- This Week
A strange new wave of retro washes over music and nightlife
04.06.10 - 4:16 pm | Marke B. |
Alex and Brendan at the retrograde Nachtmusik party, which features lost "wave" musicPHOTO BY SADIE MELLERIO
FOREVER EXHUMED, FOREVER ORANGE EYES
Wierd Records' contemporary roster of disquieted simulators, including the almost paranormally attuned Xeno and Oaklander and Led er Est, has been gaining global club-play traction — something many of the original artists, who drifted off into other, often fascinatingly mundane lives, could only have hoped for. (One example: Lidia the Rose, one half of Dutch act Nine Circles, abandoned musicmaking in the early '80s to raise "a half dozen" children in a commune-like setting. It was only after one of her sons Googled her name that she realized there were fans of her extremely limited, cassette-only output. She has since started making music again.) And wave affectations have garnered larger attention from the breakthrough of experimental synthpop band Cold Cave, which draws on the sound's pallid idiosyncrasies. "Hear sounds about yesterday's pain today," the band's MySpace deadpans.
Notable contemporary Bay Area wave acts include the excellently jerky Muscle Drum, founded by long-term wave-proponent Rob Spector of the group Bronze, fog-shrouded darkwave duo Sleeping Desiress, cinematic dirgers After Dark, and exquisitely anguished quintet Veil Veil Vanish. The East Bay's Katabatik Sound System has been producing lurching experimental-industrial music and events for a while, and V. Vale's Re/Search crew has been exhuming rare tunes forever. A particular favorite around the Bay Guardian office lately is the Soft Moon, a melancholic, pitch-perfectly crepuscular project of punk veteran and graphic designer Luis Vasquez.
The Soft Moon
"Honestly, being associated with the wave phenomenon was a little surprising to me at first," Vasquez told me, balking, like many retro-contemporizers I talked to, at being associated with any kind of scene. "But I think I understand why. My instrumental formula is similar because of the use of drum machines, synthesizers, rhythmic bass lines, and somber melodies. It could also just be the overall feeling my music has. I'm still not quite sure."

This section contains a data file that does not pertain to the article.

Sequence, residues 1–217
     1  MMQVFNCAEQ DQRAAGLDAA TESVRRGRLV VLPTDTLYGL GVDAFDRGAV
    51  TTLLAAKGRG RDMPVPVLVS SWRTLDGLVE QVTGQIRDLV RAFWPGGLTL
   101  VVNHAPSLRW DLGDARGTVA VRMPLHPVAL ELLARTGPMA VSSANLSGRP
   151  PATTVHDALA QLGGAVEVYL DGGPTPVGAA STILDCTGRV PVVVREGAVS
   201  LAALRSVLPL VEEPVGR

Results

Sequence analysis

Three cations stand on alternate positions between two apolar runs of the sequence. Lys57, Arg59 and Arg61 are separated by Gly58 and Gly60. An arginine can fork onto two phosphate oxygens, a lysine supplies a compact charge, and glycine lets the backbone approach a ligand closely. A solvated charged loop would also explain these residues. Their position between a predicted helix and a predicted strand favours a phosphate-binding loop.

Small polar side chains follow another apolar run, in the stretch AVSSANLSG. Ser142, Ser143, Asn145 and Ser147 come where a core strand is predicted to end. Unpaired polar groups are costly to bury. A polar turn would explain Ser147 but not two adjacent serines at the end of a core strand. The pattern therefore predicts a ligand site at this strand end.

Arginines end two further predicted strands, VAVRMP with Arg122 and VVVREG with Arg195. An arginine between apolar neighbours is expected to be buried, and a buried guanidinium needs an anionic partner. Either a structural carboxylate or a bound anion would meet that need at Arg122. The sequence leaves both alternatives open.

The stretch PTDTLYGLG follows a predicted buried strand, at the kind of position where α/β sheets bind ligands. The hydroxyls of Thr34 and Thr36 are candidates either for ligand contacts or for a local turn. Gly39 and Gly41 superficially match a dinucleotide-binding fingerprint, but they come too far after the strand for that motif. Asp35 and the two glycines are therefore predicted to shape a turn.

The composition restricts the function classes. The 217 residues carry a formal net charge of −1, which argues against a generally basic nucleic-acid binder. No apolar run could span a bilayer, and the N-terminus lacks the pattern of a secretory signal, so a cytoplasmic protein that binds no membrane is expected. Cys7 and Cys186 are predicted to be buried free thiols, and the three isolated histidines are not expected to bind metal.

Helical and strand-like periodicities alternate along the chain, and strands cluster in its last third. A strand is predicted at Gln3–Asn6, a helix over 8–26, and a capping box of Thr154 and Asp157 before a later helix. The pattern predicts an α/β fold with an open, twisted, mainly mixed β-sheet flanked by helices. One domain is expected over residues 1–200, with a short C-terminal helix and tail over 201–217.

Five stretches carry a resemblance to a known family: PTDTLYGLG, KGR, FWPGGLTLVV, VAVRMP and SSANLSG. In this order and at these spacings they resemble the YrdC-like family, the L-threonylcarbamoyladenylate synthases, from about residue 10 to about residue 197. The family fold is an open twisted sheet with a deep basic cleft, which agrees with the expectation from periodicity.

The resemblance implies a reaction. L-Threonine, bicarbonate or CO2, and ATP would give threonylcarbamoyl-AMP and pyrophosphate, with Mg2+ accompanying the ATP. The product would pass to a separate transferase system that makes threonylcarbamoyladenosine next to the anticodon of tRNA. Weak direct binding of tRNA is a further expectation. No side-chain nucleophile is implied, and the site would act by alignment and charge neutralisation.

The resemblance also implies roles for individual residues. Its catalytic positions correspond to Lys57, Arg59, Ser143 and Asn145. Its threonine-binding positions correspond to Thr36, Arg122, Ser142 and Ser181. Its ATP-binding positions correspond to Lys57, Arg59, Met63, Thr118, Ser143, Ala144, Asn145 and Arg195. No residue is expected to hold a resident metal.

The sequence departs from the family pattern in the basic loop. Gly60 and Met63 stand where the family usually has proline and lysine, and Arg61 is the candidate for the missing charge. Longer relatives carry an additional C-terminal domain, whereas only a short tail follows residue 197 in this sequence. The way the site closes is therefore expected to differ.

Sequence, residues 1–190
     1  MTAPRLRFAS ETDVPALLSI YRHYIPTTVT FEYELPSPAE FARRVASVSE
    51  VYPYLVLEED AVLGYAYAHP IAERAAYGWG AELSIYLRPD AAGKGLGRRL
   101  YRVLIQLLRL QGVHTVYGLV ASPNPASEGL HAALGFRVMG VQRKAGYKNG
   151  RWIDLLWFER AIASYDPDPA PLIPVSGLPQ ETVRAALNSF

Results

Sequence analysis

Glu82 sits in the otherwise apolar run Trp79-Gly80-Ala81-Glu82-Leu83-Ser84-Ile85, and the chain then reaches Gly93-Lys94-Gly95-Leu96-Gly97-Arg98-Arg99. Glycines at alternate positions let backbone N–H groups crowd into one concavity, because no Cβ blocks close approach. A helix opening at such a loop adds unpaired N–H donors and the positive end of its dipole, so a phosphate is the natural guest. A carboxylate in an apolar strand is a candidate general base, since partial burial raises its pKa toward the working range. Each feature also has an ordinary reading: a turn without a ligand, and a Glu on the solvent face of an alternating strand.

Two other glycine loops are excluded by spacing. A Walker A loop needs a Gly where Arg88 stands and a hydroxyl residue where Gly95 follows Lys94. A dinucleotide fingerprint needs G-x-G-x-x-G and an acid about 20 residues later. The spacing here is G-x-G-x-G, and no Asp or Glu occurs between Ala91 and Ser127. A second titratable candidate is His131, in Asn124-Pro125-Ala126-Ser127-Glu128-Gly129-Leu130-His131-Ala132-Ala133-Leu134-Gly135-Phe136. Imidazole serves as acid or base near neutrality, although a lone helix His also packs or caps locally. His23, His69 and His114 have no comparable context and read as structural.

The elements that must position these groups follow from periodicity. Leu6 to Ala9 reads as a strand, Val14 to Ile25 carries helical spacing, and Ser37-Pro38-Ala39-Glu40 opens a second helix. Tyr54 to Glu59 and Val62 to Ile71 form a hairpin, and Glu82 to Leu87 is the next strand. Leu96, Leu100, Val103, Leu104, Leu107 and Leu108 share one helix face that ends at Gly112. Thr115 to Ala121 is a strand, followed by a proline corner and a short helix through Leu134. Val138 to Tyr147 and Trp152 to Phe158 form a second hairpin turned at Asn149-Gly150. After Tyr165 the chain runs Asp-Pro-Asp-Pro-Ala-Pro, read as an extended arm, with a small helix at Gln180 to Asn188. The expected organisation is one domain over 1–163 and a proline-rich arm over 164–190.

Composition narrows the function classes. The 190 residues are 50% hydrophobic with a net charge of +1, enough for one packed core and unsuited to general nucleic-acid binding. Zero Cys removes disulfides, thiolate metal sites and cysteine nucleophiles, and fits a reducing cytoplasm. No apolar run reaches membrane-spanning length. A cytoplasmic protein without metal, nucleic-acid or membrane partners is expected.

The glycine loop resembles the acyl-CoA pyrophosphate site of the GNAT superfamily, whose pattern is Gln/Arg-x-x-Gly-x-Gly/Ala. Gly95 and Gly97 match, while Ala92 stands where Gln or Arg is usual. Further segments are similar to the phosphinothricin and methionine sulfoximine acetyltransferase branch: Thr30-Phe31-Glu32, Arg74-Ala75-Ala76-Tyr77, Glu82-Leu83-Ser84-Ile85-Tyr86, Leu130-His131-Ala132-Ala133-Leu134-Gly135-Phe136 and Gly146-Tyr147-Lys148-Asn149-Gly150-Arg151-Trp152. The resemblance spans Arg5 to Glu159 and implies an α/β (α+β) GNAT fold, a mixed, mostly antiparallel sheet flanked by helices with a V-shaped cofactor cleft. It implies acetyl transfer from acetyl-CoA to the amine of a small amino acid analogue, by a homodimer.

On the classic side of things, two just-released, high profile compilations — The Minimal Wave Tapes (Minimal Wave/Stones Throw) and Wierd-curated Cold Waves and Minimal Electronics Volume 1 (Angular) — along with recent German comp Genotypes (Genetic Records) have made underground synth rarities more accessible to potential wavers.
"I was exposed to new wave at a young age via my older brother's small collection of cassettes," NYC's Veronica Vasicka of the Minimal Wave label wrote in an e-mail. "Later I'd sneak out of my parents' apartment at night to go dancing in the East Village. I really associate those teenage days of first discovering record shops and old VHS tapes of bands like Throbbing Gristle with the inspiration that led me to launch the Minimal Wave label."
Vasicka coined the term minimal wave to encompass her fascination with both cold wave and minimal synth sounds. Her long-running Sunday night East Village Radio show has served as a beacon for American synth fans, and the incredible response to her extensive Web site (www.minimal-wave.org) has established her as the point-person for the movement. She has her own theory about why the sound seems right:
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